What are "Extrajudicial Killings"? - Meaning - History - Causes.
Updated: Jun 9, 2019
An extrajudicial killing (also known as extrajudicial execution) is the killing of a person by governmental authorities or individuals without the sanction of any judicial proceeding or legal process. Extrajudicial punishments are mostly seen by humanity to be unethical, since they bypass the due process of the legal jurisdiction in which they occur. Extrajudicial killings often target leading political, trade union, dissident, religious, and social figures and are only those carried out by the state government or other state authorities like the armed forces or police, as extra-legal fulfillment of their prescribed role.
Extrajudicial killing basically started from the very beginning of civilization. When the lust for power arose the killing began in the form of assassination. People like Julies César fell victim of extrajudicial killing. During the civil war there is a term used as ‘lynching’. Lynching is an extrajudicial execution carried out by a mob a, often by hanging, but also by burning at the stake or shooting, in order to punish a alleged transgressor, or to intimidate, control or otherwise manipulate a population of people of people, however large or small .Today lynching is defined in the united state by some code of law “any act of violence inflicted by a mob upon the body of another person which result in the death of the person”.
In Europe early example of a similar phenomenon are found in the proceedings of the vehmgerichte in medieval Germany and of Lyford Law, Gibbet Law or Halifax law in England and Cowper justice and Jeddart justice in Scotland. In Imperial Russia anti Jewish lynching’s called Pogoms occurred in the 19th-early 20th centuries.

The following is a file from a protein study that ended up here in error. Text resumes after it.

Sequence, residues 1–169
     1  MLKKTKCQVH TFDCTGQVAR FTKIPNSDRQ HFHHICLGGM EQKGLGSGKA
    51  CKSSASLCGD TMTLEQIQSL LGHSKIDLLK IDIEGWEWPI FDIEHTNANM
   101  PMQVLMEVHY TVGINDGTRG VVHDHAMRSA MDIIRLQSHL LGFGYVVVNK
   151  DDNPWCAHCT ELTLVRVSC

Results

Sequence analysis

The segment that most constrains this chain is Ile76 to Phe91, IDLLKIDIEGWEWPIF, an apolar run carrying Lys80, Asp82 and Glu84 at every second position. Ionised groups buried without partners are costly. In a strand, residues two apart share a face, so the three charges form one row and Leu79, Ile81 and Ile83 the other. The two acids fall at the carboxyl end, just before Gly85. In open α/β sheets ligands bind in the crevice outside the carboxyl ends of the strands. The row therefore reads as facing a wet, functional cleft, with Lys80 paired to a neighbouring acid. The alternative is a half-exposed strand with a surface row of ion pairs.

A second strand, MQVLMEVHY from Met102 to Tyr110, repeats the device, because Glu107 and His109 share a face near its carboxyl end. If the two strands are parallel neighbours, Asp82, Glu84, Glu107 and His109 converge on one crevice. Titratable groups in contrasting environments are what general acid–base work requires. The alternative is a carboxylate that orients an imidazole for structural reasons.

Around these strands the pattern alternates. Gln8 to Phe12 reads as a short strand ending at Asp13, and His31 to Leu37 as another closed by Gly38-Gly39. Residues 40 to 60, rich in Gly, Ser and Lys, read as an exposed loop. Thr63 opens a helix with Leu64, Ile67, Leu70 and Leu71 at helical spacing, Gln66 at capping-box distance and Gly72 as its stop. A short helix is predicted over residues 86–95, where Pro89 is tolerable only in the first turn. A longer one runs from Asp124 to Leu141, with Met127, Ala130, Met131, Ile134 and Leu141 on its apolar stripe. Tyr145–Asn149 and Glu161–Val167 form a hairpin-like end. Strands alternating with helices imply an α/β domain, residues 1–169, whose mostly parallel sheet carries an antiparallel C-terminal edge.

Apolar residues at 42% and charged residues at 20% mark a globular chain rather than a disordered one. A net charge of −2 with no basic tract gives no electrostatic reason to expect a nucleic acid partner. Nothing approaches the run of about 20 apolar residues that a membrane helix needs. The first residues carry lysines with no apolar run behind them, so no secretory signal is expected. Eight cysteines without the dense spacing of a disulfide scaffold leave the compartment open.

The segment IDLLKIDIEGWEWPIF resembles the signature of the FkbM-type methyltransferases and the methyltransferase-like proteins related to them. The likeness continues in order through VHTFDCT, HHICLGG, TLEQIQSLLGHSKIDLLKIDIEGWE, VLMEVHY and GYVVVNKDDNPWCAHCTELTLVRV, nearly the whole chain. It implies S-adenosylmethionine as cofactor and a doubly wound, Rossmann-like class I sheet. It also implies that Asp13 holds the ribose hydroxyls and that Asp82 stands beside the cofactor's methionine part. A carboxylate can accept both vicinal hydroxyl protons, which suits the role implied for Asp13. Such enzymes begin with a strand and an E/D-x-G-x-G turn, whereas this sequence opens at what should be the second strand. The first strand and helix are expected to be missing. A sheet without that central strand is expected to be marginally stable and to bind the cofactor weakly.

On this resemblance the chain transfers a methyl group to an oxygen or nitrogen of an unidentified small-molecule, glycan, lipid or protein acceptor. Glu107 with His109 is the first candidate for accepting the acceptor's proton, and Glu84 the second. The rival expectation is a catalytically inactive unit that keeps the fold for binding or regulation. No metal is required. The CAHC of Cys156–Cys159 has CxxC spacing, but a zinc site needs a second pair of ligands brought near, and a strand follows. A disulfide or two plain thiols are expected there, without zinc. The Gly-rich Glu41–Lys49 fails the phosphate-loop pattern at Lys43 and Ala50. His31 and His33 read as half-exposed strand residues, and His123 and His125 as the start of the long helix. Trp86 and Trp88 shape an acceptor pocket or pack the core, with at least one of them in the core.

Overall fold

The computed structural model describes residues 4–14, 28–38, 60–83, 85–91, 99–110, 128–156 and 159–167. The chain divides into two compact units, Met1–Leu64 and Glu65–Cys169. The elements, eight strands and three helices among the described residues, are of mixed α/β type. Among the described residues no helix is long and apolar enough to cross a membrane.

In Britain a series of race riots broke out in several cities in 1919 between whites and black sailors. In Liverpool, after a black sailor had been stabbed by two whites in a pub, his friend attack pubbed in revenge. In response, the police raided lodging houses with black occupants, accompanied by an “enraged lynch mob’. Charles Wotton, a young black seaman who had not been involved in the attack was chased into the river Mersey and drowned after being pelted missiles thrown by the mob. The Charles Wotton College in Liverpool was named after his memory.
In 1944, Wolfgang Rosterg, a German prisoner of war known to be unsympathetic to the Nazi regime, was lynched by Nazis in Paw Camp 21 in Comrie, Scotland. After the end of war five of the perpetrators were hanged at Pentonville Prison-the largest multiple executions in 20th century Britain. There are also approximately 150 confirmed cases of surviving crew members of crashed allied aircraft being lynched by German civilians, soldiers or police man. Nazi propagandists termed “Allied terror bombing”. This was further promoted by Nazi officials through secret orders that prohibited policemen and soldiers from interfering in the favor of the enemy in conflicts between civilians and allied forces or prosecuting who engaged in such acts.
EXTRAJUDICIAL KILLING IN INDIA
A form of extrajudicial killing called police encounters is common in India. Such encounters are being staged also by military and security forces.
"Encounter killing" is a term used in South Asia, especially India and Pakistan since the late 20th century to describe killings by the police or the armed forces, allegedly in self-defence, when they encounter suspected gangsters or terrorists. In the 1990s and the mid-2000s, the Mumbai Police used encounter killings to attack the city's underworld, and the practice spread to other large cities. In Pakistan, the Sindh Police is notorious for extrajudicial killings through fake encounters especially in Karachi.
Critics are sceptical of many of these reported incidents,and further complain that the wide acceptance of the practice has led to incidents of the police staging fake encounters to cover-up the killing of suspects when they are either in custody or are unarmed.